Martinelli’s last bid to stay in the USA
by Eric Jackson
Article 421. Whoever executes an act to submit the Republic, in whole or in part, to a foreign State [or] to diminish its independence… shall be punished with imprisonment… when the described behavior was performed by a public servant… the penalty shall be twenty to thirty years.
‘Look at all I did for you….’ That was the gist of Manuel Antonio Noriega’s complaint to the United States as well.
But the classic retort to such pleas, of which there have been many over the years, is that ‘The United States has no friends it only has interests.’
Ricardo Martinelli’s jailhouse letter to the American people has caused a storm of patriotic indignation here, and the promise of Cambio Democratico primary candidate José Raúl Mulino that he, too, would do everything that the CIA tells him to do.
The former president’s letter includes an interesting set of particulars.
As it is, he stands to be extradited and tried for illegal electronic surveillance. He pleads that his electronic spying was to monitor CIA targets “through legal and ‘other means.'” But he tells the American people that “the courts are not allowed to consider all the facts.” And indeed, among the communications Martinelli intercepted were those of US citizens. For that to come out in open court would not compromise the security and integrity of the United States of America, but it might embarrass some of its former or current public officials. Thus it would be a reasonable bet that some national security claim might be made and such tales would be kept out of court and off the record.
Martinelli tells the tale of an intercepted North Korean freighter with jet fighter parts and other war materiel — some prohibited by an international embargo — hidden under a load of Cuban sugar. He alleges threats by Raúl Castro and insinuates some sort of improper relationship between current Panamanian President Juan Carlos Varela and the Cubans. (The alleged “full story” that this reporter heard way back when but could never verify is not in Martinelli’s account.)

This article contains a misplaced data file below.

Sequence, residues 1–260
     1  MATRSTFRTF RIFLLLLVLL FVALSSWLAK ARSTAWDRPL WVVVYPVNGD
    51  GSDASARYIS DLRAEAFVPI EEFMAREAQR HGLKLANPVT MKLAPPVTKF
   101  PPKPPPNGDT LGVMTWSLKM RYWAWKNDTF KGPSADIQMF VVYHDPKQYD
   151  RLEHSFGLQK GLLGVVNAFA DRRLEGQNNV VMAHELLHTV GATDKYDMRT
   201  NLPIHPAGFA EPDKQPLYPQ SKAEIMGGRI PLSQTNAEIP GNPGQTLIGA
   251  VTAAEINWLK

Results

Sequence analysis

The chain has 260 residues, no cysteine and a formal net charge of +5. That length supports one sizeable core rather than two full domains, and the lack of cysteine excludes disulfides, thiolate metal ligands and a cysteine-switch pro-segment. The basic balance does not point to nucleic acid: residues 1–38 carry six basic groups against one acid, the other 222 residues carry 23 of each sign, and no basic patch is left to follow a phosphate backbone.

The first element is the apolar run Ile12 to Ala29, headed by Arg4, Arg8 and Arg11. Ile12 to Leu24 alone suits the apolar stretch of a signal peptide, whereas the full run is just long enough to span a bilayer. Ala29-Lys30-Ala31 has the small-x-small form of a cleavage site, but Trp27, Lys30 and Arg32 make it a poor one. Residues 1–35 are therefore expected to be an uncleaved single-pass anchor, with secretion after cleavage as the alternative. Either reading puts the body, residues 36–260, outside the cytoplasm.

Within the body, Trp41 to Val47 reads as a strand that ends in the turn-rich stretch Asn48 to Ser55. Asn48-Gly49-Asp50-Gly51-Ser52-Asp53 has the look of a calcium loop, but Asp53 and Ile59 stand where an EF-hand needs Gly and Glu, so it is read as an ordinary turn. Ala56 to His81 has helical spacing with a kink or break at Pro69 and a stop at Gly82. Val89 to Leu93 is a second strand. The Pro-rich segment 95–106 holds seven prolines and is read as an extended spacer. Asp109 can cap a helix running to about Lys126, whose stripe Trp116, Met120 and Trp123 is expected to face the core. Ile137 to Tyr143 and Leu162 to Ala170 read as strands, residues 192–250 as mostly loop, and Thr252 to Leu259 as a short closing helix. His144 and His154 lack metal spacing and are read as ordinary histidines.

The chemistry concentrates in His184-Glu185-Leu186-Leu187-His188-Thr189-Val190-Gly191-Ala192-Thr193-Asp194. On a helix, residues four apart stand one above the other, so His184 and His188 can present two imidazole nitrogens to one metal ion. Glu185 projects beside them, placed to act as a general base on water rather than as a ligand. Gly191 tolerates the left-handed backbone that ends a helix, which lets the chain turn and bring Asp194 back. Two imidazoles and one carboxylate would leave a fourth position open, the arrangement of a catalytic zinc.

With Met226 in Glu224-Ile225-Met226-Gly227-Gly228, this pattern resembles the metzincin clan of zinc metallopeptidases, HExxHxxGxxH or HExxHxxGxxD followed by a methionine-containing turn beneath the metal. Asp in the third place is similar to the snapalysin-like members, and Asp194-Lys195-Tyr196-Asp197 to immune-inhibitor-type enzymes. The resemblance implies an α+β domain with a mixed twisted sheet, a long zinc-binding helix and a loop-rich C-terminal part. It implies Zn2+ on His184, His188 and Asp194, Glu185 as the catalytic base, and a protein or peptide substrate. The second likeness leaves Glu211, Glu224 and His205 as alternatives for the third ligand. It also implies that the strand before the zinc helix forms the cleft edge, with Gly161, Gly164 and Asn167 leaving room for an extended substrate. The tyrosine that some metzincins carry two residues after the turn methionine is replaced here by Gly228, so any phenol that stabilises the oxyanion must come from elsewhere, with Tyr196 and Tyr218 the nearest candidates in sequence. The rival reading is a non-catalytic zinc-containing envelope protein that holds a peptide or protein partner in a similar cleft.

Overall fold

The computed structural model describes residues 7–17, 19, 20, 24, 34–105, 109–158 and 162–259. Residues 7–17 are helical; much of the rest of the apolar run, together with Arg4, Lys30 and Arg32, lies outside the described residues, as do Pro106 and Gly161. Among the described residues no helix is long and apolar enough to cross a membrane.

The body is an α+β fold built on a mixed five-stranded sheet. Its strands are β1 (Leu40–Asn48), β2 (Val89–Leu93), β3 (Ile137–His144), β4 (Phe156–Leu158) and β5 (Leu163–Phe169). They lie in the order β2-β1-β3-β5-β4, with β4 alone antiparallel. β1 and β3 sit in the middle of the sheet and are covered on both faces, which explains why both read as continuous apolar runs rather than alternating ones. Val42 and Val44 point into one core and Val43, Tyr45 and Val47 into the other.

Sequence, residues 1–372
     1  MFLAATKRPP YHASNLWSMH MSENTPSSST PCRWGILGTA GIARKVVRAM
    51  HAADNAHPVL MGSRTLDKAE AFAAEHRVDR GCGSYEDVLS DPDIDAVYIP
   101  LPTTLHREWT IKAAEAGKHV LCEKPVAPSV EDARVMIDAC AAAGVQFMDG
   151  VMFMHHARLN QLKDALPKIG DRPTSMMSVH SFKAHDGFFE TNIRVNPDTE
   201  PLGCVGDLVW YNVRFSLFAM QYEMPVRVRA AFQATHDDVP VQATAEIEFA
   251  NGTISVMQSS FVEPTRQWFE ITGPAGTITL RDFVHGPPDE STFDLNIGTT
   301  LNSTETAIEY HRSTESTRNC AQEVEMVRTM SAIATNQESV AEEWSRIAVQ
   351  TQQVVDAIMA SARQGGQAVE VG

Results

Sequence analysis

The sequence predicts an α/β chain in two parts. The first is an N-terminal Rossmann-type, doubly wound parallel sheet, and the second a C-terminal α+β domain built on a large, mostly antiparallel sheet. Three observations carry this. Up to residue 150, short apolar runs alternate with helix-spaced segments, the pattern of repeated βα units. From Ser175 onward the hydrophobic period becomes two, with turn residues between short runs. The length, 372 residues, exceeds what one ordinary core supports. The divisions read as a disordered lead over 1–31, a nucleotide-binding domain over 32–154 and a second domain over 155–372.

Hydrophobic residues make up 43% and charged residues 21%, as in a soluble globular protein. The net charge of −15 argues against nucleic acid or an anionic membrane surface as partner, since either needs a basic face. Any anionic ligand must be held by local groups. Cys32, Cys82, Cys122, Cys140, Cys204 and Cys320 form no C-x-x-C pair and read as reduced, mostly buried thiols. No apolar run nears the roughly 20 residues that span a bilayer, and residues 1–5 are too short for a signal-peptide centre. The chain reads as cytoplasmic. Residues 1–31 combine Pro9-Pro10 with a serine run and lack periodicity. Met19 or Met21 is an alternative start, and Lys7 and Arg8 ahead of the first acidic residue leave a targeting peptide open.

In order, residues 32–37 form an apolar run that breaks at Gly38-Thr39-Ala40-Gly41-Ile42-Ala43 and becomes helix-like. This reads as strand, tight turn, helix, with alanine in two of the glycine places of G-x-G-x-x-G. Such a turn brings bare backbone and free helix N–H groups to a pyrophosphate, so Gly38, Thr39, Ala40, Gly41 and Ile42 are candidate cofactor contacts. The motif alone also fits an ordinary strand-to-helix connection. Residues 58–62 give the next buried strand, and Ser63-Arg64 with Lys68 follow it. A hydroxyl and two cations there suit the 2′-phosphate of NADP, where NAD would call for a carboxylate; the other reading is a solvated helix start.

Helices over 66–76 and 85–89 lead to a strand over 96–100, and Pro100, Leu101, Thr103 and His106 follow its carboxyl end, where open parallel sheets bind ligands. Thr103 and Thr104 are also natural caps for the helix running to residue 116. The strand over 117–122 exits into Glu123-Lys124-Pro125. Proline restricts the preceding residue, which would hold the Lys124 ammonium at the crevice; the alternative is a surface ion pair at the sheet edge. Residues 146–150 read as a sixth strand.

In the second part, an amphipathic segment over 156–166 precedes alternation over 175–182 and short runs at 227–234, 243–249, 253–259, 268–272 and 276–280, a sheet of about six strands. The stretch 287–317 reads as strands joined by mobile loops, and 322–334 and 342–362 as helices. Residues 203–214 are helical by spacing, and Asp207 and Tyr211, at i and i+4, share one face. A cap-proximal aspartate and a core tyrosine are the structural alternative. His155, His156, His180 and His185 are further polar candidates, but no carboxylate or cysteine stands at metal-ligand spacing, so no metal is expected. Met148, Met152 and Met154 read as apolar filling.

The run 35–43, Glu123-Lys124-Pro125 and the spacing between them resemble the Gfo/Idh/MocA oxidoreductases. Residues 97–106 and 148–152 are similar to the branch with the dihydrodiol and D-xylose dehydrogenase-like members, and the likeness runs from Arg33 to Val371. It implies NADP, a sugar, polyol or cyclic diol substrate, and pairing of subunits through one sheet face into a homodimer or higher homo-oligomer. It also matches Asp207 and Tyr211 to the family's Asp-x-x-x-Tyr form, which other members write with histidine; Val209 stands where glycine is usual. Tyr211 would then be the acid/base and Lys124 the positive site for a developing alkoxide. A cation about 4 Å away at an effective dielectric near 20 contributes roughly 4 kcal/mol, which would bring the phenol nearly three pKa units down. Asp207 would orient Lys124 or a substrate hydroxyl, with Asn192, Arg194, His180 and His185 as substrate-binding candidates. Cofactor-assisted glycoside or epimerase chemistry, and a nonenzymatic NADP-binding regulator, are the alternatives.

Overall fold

The former president pleads that in the United Nations he voted with Israel “100% of the time,” which may be the Trump policy but was not exactly the Obama policy when Martinelli was in charge of Panama.
Martinelli tells of a Panamanian special operation to rescue a CIA operative running from an INTERPOL warrant stemming from an Italian torture case. He tells of Panama siding against FARC in Colombia’s late civil conflict.
“My political career is far from over,” Martinelli pleads, noting that only four of 23 criminal cases against him are still pending.
Quixotic stuff, but what if the admissions in the ex-president’s letter are taken at face value by this or the next Panamanian government, and deemed to have been the submission of Panama to a foreign power, or at least the diminishment of Panamanian independence? That could be some serious legal trouble here. Might a next round of litigation in the USA ensue to assert that it gives Martinelli the right to refugee status because he has a real fear of political persecution?
Stay tuned. We are dealing with someone who always was kind of flaky, now apparently going nuts in a Miami jail cell. He can maintain whatever delusions he likes, but his life as a viable politician is over. Very likely the party that he created is en route to either extinction or the minor party fringes.